Beware of the Dark Side…

by Joe

You know, it’s nice to know that we can depend on the media as a whole to keep us entertained with wonderfully inaccurate victim blaming and myth perpetuation. The latest gem comes to us via a National opinion section and its entitled “Dark side of a girls’ night out.” Before you go asking if the title is a portent of the wonderfully logical information to come, the answer is: “Yes.” It is as bad as you think it’s going to be. The main article itself is all over the place; at certain points, it’s perpetuating myths but it does manage to somewhat redeem itself later on. But each time you think it’s finally moving in the right direction, it pulls a 180 with a prevention myth or some victim blaming. Here’s one example:

Police say the number of attacks on drunk young women is growing. “They are binge-drinking, make poor choices and can’t keep themselves safe,” Detective Senior Sergeant Paul Borrell said. “That’s a worry and that’s the preventable part of it.”

Naturally, no mention of the offenders; it probably didn’t even cross their minds. The attacks aren’t growing because there are more offenders, they are growing because more girls are getting drunk and not following the rules. This is closely followed by:

“It’s not this image of a back-alley sex offender. Where any guy takes advantage of an intoxicated woman, that falls under predatory behaviour. “It’s up to friends of victims and potential offenders to do something about it. In my view, if something does happen, all of us have failed that person.”

There’s some offender blaming, but I’m not sure what is meant by “predatory behaviour.” Clearly the “back-alley” sex offenders are predators, but there’s no predatory behaviour taking place in the clubs; it’s not like some guys think of themselves as being “on the prowl,” or anything. A more telling contradiction is that the article admits that “most [sexual assaults] happened at the man or woman’s home afterwards.” But then, later in the article, we’re told that “moves were under way to improve lighting in the area.” Improved lighting in the streets will help reduce the number of assaults that happen in the home?

At any rate, the article itself would not have been so bad if it was simply going back and forth between myth and fact. But the article concludes with a step so far back that there is really no way it could recover. Earlier in the text, a social worker makes the following statement:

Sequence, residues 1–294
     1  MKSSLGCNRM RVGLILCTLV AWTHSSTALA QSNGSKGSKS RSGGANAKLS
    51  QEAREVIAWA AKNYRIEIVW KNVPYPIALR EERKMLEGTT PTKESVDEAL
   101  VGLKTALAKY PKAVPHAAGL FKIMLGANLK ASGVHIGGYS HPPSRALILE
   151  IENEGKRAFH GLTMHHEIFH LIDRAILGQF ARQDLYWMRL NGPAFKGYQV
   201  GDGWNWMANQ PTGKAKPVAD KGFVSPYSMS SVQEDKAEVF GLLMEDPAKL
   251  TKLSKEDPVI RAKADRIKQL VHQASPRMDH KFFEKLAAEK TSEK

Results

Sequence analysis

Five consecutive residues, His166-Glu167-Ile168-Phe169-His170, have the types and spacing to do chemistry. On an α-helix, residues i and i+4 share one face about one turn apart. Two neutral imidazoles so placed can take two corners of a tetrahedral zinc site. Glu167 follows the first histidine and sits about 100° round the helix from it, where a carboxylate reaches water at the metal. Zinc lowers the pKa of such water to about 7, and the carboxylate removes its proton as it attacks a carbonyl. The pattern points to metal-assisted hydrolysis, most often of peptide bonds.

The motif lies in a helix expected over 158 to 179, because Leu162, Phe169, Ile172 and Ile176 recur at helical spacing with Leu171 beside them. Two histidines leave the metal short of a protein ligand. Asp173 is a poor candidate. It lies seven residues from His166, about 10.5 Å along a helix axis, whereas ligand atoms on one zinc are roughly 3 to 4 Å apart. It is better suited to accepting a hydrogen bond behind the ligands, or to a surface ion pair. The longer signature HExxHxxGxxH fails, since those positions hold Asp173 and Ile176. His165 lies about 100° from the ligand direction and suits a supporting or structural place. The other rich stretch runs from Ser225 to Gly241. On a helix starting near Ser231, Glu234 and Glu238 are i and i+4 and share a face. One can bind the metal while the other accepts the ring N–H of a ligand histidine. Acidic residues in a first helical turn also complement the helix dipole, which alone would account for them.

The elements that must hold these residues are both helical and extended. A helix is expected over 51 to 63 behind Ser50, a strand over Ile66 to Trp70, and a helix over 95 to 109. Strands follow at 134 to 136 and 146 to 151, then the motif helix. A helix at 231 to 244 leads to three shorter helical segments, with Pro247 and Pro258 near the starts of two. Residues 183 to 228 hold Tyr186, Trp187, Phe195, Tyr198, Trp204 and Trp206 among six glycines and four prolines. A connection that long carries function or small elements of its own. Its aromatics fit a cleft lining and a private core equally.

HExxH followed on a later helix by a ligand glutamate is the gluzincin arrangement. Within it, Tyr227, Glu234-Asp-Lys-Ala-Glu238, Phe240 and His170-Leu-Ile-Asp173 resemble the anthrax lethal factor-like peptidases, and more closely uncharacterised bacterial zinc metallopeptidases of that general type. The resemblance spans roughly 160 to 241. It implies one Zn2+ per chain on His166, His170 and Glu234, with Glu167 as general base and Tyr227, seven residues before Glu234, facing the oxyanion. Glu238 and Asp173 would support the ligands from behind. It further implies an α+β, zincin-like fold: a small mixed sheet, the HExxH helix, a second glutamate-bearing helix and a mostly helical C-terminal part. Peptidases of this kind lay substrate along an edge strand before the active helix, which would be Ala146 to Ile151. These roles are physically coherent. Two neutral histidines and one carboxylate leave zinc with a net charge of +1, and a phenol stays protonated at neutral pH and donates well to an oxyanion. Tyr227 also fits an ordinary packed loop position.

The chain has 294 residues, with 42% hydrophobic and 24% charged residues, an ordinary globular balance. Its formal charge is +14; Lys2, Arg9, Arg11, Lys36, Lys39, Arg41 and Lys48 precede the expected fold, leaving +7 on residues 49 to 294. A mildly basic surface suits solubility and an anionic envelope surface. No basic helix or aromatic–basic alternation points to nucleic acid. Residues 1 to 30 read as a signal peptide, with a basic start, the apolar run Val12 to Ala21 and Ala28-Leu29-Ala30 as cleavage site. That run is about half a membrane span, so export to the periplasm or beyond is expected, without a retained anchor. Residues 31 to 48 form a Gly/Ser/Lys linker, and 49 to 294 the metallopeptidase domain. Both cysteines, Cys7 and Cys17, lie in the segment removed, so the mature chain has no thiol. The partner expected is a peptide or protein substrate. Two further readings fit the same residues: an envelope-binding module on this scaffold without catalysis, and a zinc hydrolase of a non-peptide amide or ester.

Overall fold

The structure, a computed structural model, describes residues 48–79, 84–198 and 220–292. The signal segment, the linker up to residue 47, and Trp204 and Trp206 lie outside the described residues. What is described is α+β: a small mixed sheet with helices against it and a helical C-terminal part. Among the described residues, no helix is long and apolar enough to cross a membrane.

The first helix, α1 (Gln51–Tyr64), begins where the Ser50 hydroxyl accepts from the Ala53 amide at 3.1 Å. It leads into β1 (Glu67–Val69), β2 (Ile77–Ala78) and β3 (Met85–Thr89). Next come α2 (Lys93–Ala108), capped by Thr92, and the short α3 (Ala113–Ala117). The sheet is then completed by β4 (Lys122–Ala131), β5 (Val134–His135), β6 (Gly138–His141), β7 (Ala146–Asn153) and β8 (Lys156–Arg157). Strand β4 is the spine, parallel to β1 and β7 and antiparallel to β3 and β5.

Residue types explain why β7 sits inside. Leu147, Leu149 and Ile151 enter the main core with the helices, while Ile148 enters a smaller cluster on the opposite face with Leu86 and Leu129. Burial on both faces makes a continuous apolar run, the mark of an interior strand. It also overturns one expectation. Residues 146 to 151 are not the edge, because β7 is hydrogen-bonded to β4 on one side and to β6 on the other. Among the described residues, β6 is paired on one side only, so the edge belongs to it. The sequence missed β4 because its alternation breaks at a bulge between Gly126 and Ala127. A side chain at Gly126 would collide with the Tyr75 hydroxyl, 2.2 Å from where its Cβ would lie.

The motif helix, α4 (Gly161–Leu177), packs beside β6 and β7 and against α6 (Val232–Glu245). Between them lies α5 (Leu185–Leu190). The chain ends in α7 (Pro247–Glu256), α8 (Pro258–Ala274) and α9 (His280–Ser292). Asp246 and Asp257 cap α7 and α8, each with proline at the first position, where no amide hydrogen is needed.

“Why should the whole responsibility for a situation be put on women? The bottom line is we should be able to walk down the street or do anything without the threat of sexual violence.”

This question/statement is exactly the kind of thing that we need to see more of out there, but unfortunately any merits gained by this statement are forgotten due to the impact of the section entitled ‘Never Thought It’d Happen To Me.’ I’ll let you read the section yourself, as the impact is better that way, but it concludes with a victim-blaming quote:

But she refuses to let it ruin her life and says she has learnt some valuable lessons. “I’ve had to learn the hard way. Hopefully other people can learn from experiences like mine.”

This article represents two (of many) serious problems that organizations like ours are facing out there. The first problem is that, when it comes to issues of sexual violence, there is still a huge disconnect going on; the language is there, but the logic isn’t. This serious disconnect leads to mixed messages and when these mixed messages make it to the media, sexual violence becomes much more complicated than it needs to be (in the eyes of the general public). The second problem that arises out of this article is that the ultimate message is both horrendous and distracting.

Horrendous, because it basically says “look here ladies, here is a good young woman who learned her lesson; be wary of her story and remember to stay in line.” Distracting, because sexual violence is not about “women not taking the proper precautions,” it’s about asshole offenders breaking the law. One of the questions that is not asked enough is, why do we feel the need to manufacture a gray area when it comes to sexual assault? Well, clearly it’s just one more part of the blaming game; holding the victim accountable for their actions/”participation.” And yet, we don’t think or talk like that when it comes to victims of theft, drunk driving, or child exploitation.

So what is it? Why do we treat victims/survivors of sexual assault differently?

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